In 2019, he had his final assignment in Guam. Dennis chose to leave that assignment, which Melba, who also has experience in contracting, thought was strange. She described it as a solid contract and noted the people who hired Dennis really wanted him on the contract. He went back to Turkey to be with his wife in early 2020. Her growing concerns about his drinking and personality changes led her to check him into rehab several times, but he left against medical advice. His health began to decline and he started falling a lot. During one of these falls, he broke his leg and was hospitalized. Due to the language barrier, his family in the U.S. was not able to reach him at first and when they finally did, he explained he had broken his leg and was going to come back to the U.S. to recuperate. At the time, his family wanted to connect him with the Veteran Administration (VA) so he could receive benefits such as medical and psychological support and other resources, but he wasn’t interested. In July 2021, his family convinced him to go to a VA rehab center, but he only stayed there three weeks before convincing the staff that he was capable of living a sober, independent life. After rehab, he started drinking again and the downward spiral got worse. Melba recalls this being a very frightening stage because his cognitive skills were declining. He lost interest in grooming himself, eating, and didn’t keep his appointments with the VA.  He even stopped watching his favorite TV game show, Jeopardy.

In the fall of 2021, Dennis moved to South Carolina and shared a home with his oldest sister. At this point in his life, Melba described him as being a shell of himself, even saying it seemed he had lost his soul. He rarely came out of his room. He always drank alone, became more withdrawn, and didn’t interact much with his sister. Eventually even the daily tasks and small things he used to do no longer came naturally to him.

Dennis passed away on May 23rd, 2022 at the age of 57. The autopsy results state that Dennis died from ketoacidosis. His family believes that he actually starved himself to death.

Melba and her family didn’t believe everything Dennis had gone through could be attributed solely to his alcoholism. His children, Brandon and Jasmin, agreed that they should donate his brain in hopes of finding out if he had CTE. Though it was his family’s wish for Dennis’ brain to be donated to the BU CTE Center, a complication in the process prevented the donation.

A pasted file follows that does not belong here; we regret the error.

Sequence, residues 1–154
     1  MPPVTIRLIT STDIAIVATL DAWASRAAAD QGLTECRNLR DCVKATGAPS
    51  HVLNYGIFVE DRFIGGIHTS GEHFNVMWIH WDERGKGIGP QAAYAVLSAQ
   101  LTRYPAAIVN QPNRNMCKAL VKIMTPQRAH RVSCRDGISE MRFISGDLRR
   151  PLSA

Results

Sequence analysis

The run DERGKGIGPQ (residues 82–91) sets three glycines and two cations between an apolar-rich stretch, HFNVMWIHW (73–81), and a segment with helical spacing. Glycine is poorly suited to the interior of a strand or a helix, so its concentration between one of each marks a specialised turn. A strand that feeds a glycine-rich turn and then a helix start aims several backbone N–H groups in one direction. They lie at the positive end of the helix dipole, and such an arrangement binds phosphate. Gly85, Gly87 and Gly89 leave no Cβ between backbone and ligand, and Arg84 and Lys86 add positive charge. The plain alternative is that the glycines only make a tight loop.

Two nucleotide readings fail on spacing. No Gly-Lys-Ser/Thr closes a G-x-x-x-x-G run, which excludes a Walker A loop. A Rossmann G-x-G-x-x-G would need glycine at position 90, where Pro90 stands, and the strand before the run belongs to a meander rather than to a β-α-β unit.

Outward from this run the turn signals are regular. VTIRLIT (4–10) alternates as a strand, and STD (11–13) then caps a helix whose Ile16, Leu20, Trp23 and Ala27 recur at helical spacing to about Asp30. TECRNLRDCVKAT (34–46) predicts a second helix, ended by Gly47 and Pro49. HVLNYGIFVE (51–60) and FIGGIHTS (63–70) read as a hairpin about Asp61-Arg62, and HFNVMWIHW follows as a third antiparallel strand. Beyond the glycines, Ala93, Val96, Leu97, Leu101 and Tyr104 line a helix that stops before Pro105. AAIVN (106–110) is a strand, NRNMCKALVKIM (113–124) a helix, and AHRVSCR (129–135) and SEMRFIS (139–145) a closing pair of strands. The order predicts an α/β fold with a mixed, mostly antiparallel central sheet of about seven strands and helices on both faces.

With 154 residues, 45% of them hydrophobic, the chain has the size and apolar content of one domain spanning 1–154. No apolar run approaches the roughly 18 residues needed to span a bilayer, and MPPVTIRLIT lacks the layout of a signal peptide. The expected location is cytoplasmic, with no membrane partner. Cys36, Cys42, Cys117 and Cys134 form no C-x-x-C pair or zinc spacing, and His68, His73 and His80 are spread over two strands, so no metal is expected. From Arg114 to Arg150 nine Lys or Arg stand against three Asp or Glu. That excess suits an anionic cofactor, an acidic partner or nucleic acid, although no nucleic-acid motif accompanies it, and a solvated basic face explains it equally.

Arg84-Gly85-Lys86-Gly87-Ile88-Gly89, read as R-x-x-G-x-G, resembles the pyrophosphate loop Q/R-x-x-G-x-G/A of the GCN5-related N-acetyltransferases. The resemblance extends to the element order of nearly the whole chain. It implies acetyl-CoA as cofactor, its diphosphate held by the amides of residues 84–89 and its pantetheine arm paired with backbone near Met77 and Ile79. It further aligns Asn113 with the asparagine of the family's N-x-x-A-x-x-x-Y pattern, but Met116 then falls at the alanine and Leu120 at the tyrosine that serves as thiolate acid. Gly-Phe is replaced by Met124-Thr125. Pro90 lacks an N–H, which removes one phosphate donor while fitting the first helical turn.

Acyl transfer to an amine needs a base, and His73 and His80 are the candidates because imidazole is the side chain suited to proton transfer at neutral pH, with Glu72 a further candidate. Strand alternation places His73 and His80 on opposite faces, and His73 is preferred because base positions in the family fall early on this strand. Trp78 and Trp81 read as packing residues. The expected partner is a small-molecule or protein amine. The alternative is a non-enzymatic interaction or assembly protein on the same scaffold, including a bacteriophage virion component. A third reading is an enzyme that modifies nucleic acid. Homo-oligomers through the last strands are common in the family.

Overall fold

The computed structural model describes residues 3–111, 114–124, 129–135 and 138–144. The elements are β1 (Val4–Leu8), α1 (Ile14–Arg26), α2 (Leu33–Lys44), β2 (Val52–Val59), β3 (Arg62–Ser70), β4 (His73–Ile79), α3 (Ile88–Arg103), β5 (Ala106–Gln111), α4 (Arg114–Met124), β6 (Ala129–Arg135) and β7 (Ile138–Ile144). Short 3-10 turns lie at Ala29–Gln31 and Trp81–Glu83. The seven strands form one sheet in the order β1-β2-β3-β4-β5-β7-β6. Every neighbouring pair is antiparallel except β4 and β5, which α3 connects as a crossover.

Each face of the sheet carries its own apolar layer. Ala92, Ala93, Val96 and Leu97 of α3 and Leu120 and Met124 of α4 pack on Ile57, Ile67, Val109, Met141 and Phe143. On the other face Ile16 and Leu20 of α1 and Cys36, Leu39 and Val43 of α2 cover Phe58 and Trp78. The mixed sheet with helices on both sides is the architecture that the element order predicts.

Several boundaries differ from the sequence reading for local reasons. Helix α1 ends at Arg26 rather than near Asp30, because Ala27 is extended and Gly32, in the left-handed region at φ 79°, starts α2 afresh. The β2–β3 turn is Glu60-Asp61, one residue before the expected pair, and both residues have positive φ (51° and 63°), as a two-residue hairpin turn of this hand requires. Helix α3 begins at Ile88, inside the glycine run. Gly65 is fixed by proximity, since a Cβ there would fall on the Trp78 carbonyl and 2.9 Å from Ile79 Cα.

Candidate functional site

Dennis was aware of CTE during his life and told Melba he probably had it because of the way he played and the number of hits he took. After his death, and with the support of Dennis’ wife and children, Melba has found ways to support CTE research and share Dennis’ story. When speaking with his former football friends and teammates after his death, she asked about his playing style and whether her concerns were warranted. They said he played hard and got hit hard many times; they were concerned about him. Melba heard from her nephew, Brandon, who had visited Dennis in Germany, that there were games where he couldn’t drive home afterward because he was so disoriented.

Though Dennis’ family isn’t able to receive a definitive CTE diagnosis, Melba hopes sharing his story may help bring closure. She believes in research wholeheartedly and says this type of research hasn’t gotten the attention it deserves, and we shouldn’t have to wait for high profile cases to look at the effects of these types of injuries.

Knowing Dennis’ passion for football, his family is ready to do what they can to contribute and add to the research.